The divine rivalries of Scarterra in broad strokes, meta article in Scarterra | World Anvil

The divine rivalries of Scarterra in broad strokes, meta article

When I first started drafting ideas for Scarterra years ago, my initial goal was to create a D&D world, but I eventually decided to give it a homebrew magic system based on D&D conventions but with the magic toned down a little bit.   I noticed almost every fantasy world builder and author starts with creating various fantasy peoples and then asks “what gods would Nation A or Tribe X worship” and create pantheons that way. Often every race, tribe, or nation has a separate god or goddess or entire pantheon which might work if the gods and goddesses are the personification of mortals’ collective hopes and fears and this makes sense metaphysically but almost all fantasy religions I read say God X created People X which doesn’t make sense and to some extent makes one wonder "how did the gods come to be?”     I wanted to create a world from the top down. Starting top down with the gods and goddesses and work my way down. Instead of asking “What kind of gods would these people worship” I ask “What kind of people would these gods create?” It occurred to me that rather than give every nation, race, or tribe a different patron deity or pantheon, if one group of gods and goddesses created the world, then the entire world would have the same pantheon. There would still be religious conflict. Instead of arguing about which deities to worship, people feud over the correct way to worship the gods.   Every since I heard of them, I liked to read about Greek mythology and the dysfunctional feuding family of Olympian gods and goddesses. Every since I was introduced to D&D years ago (2nd edition), I was intrigued by the nine alignments and I loved the crazy hypothetical story of an adventuring party made up of one person from all nine alignments. I used that as a baseline for creating my own family.   While that was my baseline, it set up natural rivals. It seemed obvious that the Chaotic Evil deity would have a natural rivalry the Lawful Good deity. The Lawful Good would generally get along well with the Lawful Neutral and Neutral Good deities. I didn’t want to be trapped in a straight jacket by the alignments or make things too cliché.   “I hate you because you’re Evil and I’m Good!”   Most evil people are evil with a small “e” not a capital “E” and most villains are heroes in their own story. I didn’t want my evil deities to be evil for the sake of being evil, Phidas, Greymoria, and Maylar all have a personal justification for their villainous acts and they sometimes do things that help the greater good, but for selfish reasons. For instance Phidas safeguards the Barrier which protects all of creation from the Void. He might pretend to care about all the mortals and he might even care a little bit, but he maintains the Barrier because Turoch swore two things. Turoch swore he would return and Turoch swore he destroy Phidas first. In a way, Phidas is a divine embodiment of capitalism which channelizes greed and self interest towards the common good. Phidas is the god of oaths and punishment for oath breakers. All the Nine broke their oath with Turoch but Phidas suffered the most having his face ripped off, much like how in Norse mythology, Tyr who embodies oaths is the one who lost his hand when the Asgardian pantheon collectively violated their oath with Fenris, but Tyr paid the biggest price.   I try to put layers into the Nine, and as part of this, I want the built-in rivalries or dark mirrors to be opposed not because their abstract moralities are opposed but because their goals are opposed.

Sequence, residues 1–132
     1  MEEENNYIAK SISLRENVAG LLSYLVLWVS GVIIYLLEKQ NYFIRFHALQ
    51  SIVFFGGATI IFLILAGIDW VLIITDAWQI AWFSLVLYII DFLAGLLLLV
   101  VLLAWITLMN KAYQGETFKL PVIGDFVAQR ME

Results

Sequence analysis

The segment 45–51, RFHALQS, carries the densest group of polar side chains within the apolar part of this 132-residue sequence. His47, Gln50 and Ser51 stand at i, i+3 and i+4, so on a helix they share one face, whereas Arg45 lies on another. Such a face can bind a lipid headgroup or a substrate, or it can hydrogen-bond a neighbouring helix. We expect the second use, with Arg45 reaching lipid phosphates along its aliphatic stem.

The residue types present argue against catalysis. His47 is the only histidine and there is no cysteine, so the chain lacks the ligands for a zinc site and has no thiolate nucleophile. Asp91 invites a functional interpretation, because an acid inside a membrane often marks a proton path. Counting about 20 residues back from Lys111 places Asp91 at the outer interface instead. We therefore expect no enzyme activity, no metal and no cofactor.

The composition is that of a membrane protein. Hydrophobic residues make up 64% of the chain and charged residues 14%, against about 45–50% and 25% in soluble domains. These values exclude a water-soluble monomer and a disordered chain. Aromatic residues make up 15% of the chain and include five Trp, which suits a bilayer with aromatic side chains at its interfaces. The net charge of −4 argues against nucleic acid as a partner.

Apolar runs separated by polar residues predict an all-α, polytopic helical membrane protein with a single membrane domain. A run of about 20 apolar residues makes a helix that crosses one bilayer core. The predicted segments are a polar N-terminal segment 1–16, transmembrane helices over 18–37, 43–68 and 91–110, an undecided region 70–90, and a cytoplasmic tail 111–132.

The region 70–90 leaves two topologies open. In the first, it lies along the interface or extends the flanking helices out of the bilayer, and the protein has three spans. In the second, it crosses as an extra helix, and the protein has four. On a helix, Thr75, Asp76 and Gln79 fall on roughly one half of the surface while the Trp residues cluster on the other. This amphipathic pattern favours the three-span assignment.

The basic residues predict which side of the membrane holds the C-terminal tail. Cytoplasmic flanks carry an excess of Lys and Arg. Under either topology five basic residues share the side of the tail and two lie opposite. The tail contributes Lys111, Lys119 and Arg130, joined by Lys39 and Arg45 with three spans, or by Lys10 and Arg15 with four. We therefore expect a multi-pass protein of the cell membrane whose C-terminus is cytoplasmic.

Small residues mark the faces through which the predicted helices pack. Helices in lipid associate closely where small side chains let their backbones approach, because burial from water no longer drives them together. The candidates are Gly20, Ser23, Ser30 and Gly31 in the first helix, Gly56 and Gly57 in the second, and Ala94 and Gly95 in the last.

Mera and Greymorias' Rivalry

Crude icon for Tenders of the Hearth by Me
Basic Greymoria Symbol 1 by Me using a combination of Nightcafe and MS Paint